When will terrorism supplant healthcare as a national issue? It already has

Last January we asked, "When will terrorism supplant healthcare as the most talked-about national issue?" The answer is now.

Less than a year later, in December 2015, terrorism skyrocketed to the top of the agenda for Americans.

When Becker's last wrote on the issue, Gallup data averaging 2014 opinions showed terrorism was tied for last on a list of issues keeping the American public up at night. At the same time, 10 percent of Americans were concerned about healthcare.

This caused us to ask, "Will people get bored with the debate and accept where healthcare is at? If so, that may lead the debate to other issues. How much terrorism has to occur for the debate to shift significantly?"

Unfortunately, it appears enough has occurred. As attacks hit American soil, and garner more attention in the media and presidential campaigns, other issues like healthcare fade into the background.

A Gallup poll conducted in the first week of December — shortly after the San Bernardino, Calif., attack that killed 14 people and a few weeks after the November Paris terrorist attack that killed 130 — found 1 in 6 Americans identify terrorism as the most important U.S. problem. That puts terrorism ahead of government (13 percent), the economy (9 percent) and guns (7 percent). Just 3 percent of respondents felt poor healthcare/ hospitals and the high cost of healthcare were top issues.

Though terrorism is undoubtedly an issue the U.S. cannot ignore, part of the attention terrorism is getting right now comes from a political agenda. Republican presidential candidates in particular are seizing on terrorism as a rhetorical tool to make Democrats look weak-willed. The polls reflect this division. According to Gallup's December poll, 24 percent of Republicans said terrorism was the top issue facing the U.S., compared to 9 percent of Democrats.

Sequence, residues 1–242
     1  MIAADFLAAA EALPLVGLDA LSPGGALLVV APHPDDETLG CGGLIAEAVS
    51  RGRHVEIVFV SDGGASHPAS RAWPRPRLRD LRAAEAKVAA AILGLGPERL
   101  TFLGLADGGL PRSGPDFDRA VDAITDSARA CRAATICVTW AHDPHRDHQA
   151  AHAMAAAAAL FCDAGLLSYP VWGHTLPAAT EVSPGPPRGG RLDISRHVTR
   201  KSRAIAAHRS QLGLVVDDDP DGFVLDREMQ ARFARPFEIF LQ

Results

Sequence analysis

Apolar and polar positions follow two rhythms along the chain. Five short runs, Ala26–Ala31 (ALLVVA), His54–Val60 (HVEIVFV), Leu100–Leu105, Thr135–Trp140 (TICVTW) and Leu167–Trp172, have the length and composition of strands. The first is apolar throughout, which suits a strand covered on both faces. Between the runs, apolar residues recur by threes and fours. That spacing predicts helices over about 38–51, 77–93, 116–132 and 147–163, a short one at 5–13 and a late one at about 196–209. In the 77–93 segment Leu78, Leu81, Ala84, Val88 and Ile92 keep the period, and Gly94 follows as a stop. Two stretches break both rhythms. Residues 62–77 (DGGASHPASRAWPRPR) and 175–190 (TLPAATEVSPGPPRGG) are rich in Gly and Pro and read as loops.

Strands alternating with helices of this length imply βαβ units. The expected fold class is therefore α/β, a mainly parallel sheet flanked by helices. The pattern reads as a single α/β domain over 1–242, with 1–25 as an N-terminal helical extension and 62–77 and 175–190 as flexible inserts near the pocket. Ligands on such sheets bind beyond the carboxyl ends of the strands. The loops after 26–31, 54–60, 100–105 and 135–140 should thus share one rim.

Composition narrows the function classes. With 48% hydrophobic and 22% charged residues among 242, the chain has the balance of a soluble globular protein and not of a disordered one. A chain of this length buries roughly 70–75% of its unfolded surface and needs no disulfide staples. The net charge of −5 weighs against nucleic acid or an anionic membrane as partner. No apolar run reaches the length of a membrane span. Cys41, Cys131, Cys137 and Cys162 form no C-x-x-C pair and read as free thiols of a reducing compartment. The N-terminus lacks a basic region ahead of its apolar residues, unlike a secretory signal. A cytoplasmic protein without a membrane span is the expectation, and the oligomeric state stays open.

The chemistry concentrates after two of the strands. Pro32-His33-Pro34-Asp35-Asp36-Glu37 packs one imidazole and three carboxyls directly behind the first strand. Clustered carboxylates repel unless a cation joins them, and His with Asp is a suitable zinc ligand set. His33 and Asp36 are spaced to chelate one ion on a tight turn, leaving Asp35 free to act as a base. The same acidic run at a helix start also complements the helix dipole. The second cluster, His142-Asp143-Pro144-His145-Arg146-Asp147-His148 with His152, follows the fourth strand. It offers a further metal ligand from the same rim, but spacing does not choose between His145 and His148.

The fifth and last Republican debate of 2015 centered on foreign policy and national security. The terms "terrorism" and "terror" were mentioned 26 times and five times, respectively. Candidates said "health" just three times.

As discussion around terrorism builds, and unfortunately in some cases brings xenophobia forward, healthcare recedes from public discourse. Yet, it is certainly not because America is bored and ready to accept healthcare as it is today. Healthcare should also be making that top list of issues for Americans.

Between 2001 and 2013, there were 3,380 Americans killed by terrorist attacks in the U.S. and abroad, including the Sept. 11 attacks, according to CNN. Yet every single year, 611,105 Americans die from heart disease, 584,881 die from cancer and 149,205 die from chronic lower respiratory diseases. Having access — or not — to high quality, affordable healthcare will touch every single life in this country in a tangible way, for better or for worse.


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